Winning the Future of Work

By Chike Aguh

Winning this future of work matters because it fuels the economic inequality and lack of social mobility that defines this age.  The economic inequality of the US currently rivals countries like China and Russia, and that is because the economic gains of our new economy have flowed to an increasingly smaller group of Americans who live in the right places, have the right education and, at times, have had the power to institute policies that protect those gains.  This trend will only accelerate unless a response equal to the size of this challenge is taken.  According to McKinsey and Company, over one-third of jobs overall could be automated by 2030.  The cost of not stepping up here will be grievous and will be visited most heavily upon communities that have already disproportionately suffered: communities of color and residents of our industrial heartland.  

Winning the future of work is critical because that aforementioned inequality and lack of social mobility is also what helps fuel our political divisions.  While we must confront the racism and xenophobia that characterize much of our current political debate, we must also see the historical pattern of economic anxiety making it easier to divide people along lines of difference. Real wages for Americans in the middle of the income distribution are up a mere 3 percent since 1979, and those at the bottom have lost ground.   Additionally, The United States lost some six million manufacturing jobs in the 2000s before recovering slightly in recent years; the remaining twelve million manufacturing jobs today account for less than 10 percent of nonagricultural employment. As Richard Haass of the Council on Foreign Relations has argued: unless we solve this challenge, we will succumb to political sclerosis and civic division that will destroy our ability to be a world power.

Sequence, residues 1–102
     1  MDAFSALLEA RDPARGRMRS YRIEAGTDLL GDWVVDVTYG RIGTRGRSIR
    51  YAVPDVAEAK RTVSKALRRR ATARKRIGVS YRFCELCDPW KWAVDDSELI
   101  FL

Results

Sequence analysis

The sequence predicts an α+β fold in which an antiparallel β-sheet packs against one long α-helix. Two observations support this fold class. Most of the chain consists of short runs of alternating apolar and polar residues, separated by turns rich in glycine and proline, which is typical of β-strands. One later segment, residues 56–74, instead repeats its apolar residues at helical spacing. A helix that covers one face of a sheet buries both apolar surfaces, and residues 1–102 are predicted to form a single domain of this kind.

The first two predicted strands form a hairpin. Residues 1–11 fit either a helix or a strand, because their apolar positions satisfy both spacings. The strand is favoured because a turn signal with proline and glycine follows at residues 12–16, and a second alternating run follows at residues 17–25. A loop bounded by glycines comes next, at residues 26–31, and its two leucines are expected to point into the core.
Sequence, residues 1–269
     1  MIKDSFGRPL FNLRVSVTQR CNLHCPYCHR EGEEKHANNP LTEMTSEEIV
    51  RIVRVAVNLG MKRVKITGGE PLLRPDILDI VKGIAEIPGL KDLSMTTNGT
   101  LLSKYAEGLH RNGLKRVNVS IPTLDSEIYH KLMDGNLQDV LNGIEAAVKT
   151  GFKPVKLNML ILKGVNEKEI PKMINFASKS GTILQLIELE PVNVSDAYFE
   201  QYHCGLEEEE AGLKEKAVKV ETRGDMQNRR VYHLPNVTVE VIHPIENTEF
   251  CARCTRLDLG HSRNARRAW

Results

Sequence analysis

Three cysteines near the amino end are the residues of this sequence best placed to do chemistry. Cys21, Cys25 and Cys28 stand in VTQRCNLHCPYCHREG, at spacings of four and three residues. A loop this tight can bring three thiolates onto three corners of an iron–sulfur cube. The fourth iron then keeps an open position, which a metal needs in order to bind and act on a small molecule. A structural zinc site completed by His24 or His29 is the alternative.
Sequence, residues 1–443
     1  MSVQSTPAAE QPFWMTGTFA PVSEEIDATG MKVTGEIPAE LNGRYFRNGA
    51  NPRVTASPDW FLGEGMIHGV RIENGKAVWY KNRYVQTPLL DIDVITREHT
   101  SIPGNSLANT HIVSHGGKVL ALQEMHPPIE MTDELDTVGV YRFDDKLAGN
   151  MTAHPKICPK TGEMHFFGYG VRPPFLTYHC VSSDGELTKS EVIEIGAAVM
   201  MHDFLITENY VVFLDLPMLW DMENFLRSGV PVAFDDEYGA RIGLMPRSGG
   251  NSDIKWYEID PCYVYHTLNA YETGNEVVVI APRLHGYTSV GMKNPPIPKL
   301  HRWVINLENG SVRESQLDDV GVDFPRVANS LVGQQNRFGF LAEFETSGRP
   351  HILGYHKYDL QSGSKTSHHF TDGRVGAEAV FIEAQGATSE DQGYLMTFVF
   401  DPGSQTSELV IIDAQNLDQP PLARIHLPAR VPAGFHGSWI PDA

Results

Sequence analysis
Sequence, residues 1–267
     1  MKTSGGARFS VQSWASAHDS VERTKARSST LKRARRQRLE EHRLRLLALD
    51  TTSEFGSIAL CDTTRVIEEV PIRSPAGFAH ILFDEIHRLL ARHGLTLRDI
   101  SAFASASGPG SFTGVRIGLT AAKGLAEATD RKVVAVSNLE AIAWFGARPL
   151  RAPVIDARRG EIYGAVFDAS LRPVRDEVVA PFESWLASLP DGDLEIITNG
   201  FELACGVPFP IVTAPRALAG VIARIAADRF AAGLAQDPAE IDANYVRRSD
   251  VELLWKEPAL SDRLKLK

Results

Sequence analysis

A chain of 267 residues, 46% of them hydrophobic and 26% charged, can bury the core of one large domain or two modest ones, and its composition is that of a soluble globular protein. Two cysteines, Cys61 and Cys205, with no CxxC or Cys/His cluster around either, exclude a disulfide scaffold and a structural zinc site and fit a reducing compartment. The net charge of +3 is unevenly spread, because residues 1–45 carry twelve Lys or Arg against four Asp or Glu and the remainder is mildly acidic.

Lastly, winning the future of work is a necessity if we are going to truly have intergenerational justice.  If we do not solve this challenge, we will see massive economic harm visited upon Americans who have borne the brunt of this transition for the last forty years.  However, if our people and our government can step up in the way we have historically, then these new technologies and their equitably shared gains can fuel a new American century greater than the last.  To do right by our children and grandchildren, we must step up.

Chike Aguh (Chee-Kay Ah-Goo) is a Technology and Human Rights Fellow at the Harvard Carr Center for Human Rights Policy and Venture Partner at New Markets Venture Partners. He holds degrees from Tufts University (B.A.), Harvard University (Ed.M; MPA), and University of Pennsylvania’s Wharton School (MBA). He is a Fulbright Scholar, former Council of Foreign Relations term member and Presidential Leadership Scholar.

Chike Aguh
Chike Aguh writes about public policy and developments in US government